Although this post is about Redpolls, I wanted you to see the environment that these little members of the finch family inhabit. We've been running lows of -24 degrees C to highs of 0 degrees C. The temperature differences have been fast and furious with some rain yesterday turning to wet snow to snow later on. Today it's sunny and -27 C with the windchill, -29 C, somewhere around minus 20F. The first shot is of the far river bank, and the almost sepia tones indicate the degree of cloud cover.
The white areas in the forefront are river areas where the river meanders, and an ice skim forms. The second shot is the River looking south. You can see the fog over-laying the ridge.
This is the extra heavy ice crystals. It's really no warmer, no matter what the temperature is. In fact it's just a choice between dampness, or intense cold. Frankly,I prefer the cold. But this and more is happiness to The Redpolls.
This map courtesy of Cornell Labs puts me firmly in the blue, the winter vacation area for the Common Redpoll. Summer puts them in the James /Hudson Bay area, which is their breeding grounds. The point: these are tough little guys. I tried to work out how far I am from the Boreal using the train map to White River, and converting to a direct distance. About 150 miles I'd say, but it's a guess. Nevertheless I'm just on the border of the Boreal forest. So I'm just a natural destination for them.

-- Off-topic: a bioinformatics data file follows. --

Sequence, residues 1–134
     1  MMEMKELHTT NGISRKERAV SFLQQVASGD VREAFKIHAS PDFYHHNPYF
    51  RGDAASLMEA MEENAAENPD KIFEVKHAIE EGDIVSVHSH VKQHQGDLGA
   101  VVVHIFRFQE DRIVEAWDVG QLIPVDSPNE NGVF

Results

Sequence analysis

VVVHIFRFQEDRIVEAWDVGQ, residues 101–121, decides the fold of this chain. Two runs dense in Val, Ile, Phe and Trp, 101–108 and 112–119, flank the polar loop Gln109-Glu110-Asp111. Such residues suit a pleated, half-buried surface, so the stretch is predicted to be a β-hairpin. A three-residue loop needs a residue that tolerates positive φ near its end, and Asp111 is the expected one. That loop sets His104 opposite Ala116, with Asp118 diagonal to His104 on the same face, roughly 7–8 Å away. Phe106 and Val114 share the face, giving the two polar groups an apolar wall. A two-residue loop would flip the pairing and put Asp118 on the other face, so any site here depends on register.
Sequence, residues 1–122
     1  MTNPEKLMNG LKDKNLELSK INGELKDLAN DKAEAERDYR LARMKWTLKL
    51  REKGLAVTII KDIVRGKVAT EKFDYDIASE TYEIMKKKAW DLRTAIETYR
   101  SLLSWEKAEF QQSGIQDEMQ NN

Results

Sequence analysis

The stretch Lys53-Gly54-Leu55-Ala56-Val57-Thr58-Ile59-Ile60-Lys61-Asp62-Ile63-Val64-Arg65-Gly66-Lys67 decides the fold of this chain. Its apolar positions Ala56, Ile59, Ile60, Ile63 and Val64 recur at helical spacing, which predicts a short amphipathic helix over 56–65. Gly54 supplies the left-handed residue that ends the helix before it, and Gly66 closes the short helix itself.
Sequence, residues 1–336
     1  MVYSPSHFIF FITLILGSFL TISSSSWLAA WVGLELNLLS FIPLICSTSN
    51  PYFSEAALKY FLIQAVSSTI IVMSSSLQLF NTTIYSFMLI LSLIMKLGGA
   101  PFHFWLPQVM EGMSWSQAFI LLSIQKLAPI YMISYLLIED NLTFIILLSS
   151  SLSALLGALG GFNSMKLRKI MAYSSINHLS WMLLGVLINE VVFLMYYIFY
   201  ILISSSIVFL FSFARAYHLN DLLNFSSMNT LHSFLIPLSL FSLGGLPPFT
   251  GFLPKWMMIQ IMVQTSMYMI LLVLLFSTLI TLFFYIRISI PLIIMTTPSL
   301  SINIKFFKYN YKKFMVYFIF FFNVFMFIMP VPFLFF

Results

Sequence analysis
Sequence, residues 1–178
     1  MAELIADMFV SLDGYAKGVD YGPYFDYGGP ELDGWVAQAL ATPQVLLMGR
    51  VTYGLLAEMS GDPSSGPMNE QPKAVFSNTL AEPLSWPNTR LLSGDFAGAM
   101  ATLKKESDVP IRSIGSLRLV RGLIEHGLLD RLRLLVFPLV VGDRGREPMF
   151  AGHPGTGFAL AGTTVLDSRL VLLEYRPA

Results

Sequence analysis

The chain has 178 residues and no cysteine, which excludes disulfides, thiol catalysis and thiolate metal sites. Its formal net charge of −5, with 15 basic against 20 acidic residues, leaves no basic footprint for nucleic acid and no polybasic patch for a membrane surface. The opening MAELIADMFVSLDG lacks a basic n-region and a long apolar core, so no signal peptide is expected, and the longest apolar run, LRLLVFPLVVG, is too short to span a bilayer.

This map courtesy of MNR Canada shows the Boreal forest area of Canada, which is second only to Russia in extent. In fact all the provinces have a piece of the Boreal except the Atlantic provinces. Newfoundland has a piece of the Boreal by virtue of its ownership of Labrador. The NW Section of the Boreal forest in Ontario ( Lake Superior and north only) to give you an idea of size would extend from Paris and Munich in the south to Scotland and Denmark in the north. Mostly I'm on the fringe of the Boreal; in fact in the Great Lakes/St. Lawrence forest, a temperate forest, although as I've said before we have all the coniferous and soft woods of the Boreal as well as extensive wetlands and bog land. The Redpoll is a birch tree follower living on the seed pods, and the Vermilon Forest is full of them.
So here is the hardy little fellow. About the size of White-throated Sparrow, smaller than a goldfinch even, these birds inhabit the Boreal. This is a female Common Redpoll. There is another edition, the Hoary Redpoll. They travel together, but I haven't seen any yet.
|Female Common Redpoll|
|Male Common Redpoll|
It's quite common to find Goldfinch travelling with the flock of Redpolls, as they're after the same seed in the birch pods.
They're aggressive and travel in flocks. I was initially shooting them on the west side of the River, but more have moved in. My flock has about fifty in it. They'll even stand up to this Blue Jay, when it comes down to food.
A Post to WBW @ http://pineriverreview.blogspot.com/